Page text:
A seven-yearold Facebook message has scuttled a conviction against a man accused by his ex-wife of sexually assaulting and threatening to kill her....had it been allowed at trial, could have affected the guilty verdict handed down to the man, who can only be identified as A.B., The Court of Appeal concluded “It would not be unfair to say that the message recounted several incidents of sexual activity between the appellant and complainant, and made it clear that the sexual activity was consensual on the complainant’s part.”
The Ontario Court of Appeal in Spence v BMO Trust overturned a lower court's decision to set aside the will of the late Mr. Eric Spence. The lower court's unprecedented decision to set aside Mr. Spence's will is about as poorly reasoned a legal decision as one is likely to encounter. Its thin reasoning is symptomatic of an emerging convention whereby we seem increasingly willing to suspend reason (and sometimes even law) to reflexively embrace anything couched as a defence of equality.
Few couples realize that no matter how conscious the uncoupling, no matter how determined they are to dissolve their marriage congenially, their finances are likely to be, if not decimated, then at minimum thrown into disarray....both parties should receive independent legal advice before they get married. That does need to be considered because you are essentially asked to sign a financial document without representation. It’s a legal document.”
The high cost of lawyers, combined with the erosion of legal aid and the proliferation of free legal resources on the Internet, has led to the justice system becoming what Julie Macfarlane, a law professor at the University of Windsor, describes as “a completely different universe.” Navigating the courts without a lawyer is a gruelling and daunting experience that has become all too common among Ontario’s growing masses of self-represented litigants.
The deceased Rector Emanuel Spence was allegedly angry with his daughter for having a child with a white man. In a rare decision Newmarket Superior Court judge C.A. Gilmore set aside Spence’s will. The legal proceedings stripped the value of the estate of about $25,000. The money went to the lawyers.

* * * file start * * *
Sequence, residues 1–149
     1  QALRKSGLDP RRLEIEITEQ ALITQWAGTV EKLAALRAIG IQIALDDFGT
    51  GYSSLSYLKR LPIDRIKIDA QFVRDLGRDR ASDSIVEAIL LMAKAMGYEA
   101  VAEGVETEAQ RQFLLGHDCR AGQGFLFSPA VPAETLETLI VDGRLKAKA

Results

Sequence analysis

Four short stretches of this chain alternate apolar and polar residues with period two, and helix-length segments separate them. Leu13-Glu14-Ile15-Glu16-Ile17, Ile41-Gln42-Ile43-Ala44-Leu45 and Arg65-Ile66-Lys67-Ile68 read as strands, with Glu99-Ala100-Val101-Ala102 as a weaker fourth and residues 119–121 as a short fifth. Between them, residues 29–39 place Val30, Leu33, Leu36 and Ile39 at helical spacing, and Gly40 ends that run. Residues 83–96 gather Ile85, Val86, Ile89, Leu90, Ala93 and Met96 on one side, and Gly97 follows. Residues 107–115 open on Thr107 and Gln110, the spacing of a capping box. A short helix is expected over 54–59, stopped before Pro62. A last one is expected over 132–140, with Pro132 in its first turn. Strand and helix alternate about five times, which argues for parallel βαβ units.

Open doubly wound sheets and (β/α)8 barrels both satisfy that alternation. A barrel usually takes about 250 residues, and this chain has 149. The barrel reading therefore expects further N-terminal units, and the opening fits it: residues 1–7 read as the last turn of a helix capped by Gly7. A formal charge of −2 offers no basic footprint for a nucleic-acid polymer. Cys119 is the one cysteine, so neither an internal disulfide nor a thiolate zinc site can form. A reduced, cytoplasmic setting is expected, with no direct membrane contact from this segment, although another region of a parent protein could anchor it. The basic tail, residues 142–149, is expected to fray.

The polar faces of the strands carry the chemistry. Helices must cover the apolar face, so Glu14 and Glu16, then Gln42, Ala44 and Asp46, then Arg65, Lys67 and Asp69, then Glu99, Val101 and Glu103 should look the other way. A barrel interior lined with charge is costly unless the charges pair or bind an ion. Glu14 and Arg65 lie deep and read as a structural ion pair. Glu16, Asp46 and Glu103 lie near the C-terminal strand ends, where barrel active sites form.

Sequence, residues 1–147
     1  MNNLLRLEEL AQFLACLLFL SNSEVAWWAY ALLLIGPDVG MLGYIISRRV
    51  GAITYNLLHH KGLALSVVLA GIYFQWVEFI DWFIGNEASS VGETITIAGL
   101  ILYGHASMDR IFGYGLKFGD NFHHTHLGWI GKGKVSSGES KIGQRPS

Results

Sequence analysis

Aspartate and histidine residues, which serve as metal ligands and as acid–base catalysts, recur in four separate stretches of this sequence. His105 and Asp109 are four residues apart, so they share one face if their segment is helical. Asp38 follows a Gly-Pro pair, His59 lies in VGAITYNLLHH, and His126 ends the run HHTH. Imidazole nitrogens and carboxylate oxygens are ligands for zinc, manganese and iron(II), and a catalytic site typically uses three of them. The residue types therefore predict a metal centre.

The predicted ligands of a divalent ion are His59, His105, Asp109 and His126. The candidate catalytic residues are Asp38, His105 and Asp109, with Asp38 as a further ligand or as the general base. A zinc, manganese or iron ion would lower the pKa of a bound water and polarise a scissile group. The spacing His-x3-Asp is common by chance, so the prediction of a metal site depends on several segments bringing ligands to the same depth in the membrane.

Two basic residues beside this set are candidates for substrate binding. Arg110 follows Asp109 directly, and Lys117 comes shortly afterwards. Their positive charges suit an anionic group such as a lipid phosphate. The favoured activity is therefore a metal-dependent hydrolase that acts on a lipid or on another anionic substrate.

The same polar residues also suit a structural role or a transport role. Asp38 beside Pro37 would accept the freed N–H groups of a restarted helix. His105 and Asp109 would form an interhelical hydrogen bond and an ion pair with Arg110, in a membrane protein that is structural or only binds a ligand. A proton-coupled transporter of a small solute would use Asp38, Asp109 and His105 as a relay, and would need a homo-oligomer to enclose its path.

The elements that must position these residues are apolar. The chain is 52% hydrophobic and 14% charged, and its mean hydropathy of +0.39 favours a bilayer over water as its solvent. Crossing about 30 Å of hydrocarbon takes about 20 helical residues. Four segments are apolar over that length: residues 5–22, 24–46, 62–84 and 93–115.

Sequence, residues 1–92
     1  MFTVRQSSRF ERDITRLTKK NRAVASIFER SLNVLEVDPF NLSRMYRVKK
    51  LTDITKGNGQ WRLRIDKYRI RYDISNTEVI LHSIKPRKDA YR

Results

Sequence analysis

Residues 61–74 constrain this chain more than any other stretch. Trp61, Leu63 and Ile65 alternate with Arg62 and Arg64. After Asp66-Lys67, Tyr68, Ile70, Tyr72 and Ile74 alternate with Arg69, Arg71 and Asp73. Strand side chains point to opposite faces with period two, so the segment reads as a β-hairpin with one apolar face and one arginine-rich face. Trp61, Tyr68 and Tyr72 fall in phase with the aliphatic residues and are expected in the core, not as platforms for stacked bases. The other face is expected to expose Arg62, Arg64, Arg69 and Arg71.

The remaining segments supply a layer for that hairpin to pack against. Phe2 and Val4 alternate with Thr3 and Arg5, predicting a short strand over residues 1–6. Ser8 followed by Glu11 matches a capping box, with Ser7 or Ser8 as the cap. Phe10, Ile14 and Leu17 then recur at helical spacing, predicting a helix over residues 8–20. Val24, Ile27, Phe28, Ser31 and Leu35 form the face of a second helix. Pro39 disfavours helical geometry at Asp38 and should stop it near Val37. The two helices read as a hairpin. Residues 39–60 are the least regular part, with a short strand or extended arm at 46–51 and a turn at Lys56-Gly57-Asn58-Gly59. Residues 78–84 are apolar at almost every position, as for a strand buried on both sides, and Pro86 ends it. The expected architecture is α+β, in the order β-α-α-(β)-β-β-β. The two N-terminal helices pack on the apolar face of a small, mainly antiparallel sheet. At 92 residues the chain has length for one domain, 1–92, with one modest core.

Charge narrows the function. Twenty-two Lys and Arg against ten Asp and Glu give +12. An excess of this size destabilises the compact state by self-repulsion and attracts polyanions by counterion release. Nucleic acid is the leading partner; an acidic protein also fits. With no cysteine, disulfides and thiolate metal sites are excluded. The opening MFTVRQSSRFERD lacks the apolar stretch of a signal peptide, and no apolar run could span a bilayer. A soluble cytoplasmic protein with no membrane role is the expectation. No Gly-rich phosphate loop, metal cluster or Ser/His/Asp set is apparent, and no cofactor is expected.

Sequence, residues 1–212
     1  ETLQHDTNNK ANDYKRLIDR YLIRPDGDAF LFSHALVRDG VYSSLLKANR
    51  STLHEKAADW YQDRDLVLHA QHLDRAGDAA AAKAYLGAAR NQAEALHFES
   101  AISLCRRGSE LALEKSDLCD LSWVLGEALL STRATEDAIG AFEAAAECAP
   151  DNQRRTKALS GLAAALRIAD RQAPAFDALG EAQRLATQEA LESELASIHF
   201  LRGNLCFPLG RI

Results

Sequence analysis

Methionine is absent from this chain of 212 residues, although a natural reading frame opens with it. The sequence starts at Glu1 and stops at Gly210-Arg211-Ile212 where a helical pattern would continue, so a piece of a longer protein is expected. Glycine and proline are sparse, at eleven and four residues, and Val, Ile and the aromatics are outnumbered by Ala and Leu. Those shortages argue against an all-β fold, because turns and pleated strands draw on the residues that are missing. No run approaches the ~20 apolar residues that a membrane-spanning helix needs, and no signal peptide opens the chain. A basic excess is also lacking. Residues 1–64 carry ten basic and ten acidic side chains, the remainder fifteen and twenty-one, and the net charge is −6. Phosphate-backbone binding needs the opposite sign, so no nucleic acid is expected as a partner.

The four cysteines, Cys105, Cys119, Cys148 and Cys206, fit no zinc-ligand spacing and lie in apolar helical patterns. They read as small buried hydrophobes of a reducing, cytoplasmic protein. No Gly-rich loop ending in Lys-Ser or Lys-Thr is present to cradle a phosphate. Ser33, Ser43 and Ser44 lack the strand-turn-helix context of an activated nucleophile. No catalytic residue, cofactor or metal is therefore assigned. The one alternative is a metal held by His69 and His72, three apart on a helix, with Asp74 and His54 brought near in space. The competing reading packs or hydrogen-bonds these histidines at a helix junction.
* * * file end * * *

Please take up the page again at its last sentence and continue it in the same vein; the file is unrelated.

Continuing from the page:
Ontario Victims’ Justice Fund funds the Child and Youth Witness Support Program.A 2009 Department of Justice report estimated that 83 per cent of the costs of violent crime are borne by victims. That includes lost productivity and wages, costs of going to court and medical or psychological care. Proponents of the surcharge argue its mandatory nature helps make up for the shortfall in funding for victim services and that any hardship experienced by an offender who may not be able to pay pales in comparison to the hardship suffered by victims of their crimes.
Is it really possible that Canadian law will uphold an aboriginal right to impose a death sentence upon a cancer-ridden child? — quite a lot that is directly relevant to the controversy has gone almost wholly unnoticed and unreported. The judge in the case, Justice Gethin Edward, is himself a member of the Grand River Six Nations in Brantford. Aboriginal rights’ arguments came before him only because he’d ordered the Six Nations Band to appear as a respondent in the case. Edward is also an advocate of alternative sentencing through Brantford’s aboriginal persons court, which the Six Nations’ council also supports, along with increased powers over child welfare. This is not to say Edward acted improperly or should have recused himself from the case
Federal regulations and guidelines governing spousal support and duration of cohabitation or common law relationships. In cases where there are no dependent children, the without child support formula applies. This formula covers a wide range of fact situations. As well, in some cases the initial determination of support will initially take place under the with child support formula, but once the children are independent, there will be a cross-over to this formula (FV, 14.5) for a determination of amount.
In my opinion, credit must be given to parents who have weaned their children away from childhood egocentricity enabling them in crucial moments of adolescence to pause and make rational rather than spontaneous decisions.
Two recent Ontario Superior Court of Justice decisions illustrate the high cost of family-law litigation. In Weening v. Weening, counsel representing one of the parties involved in a matrimonial proceeding ended up paying costs personally.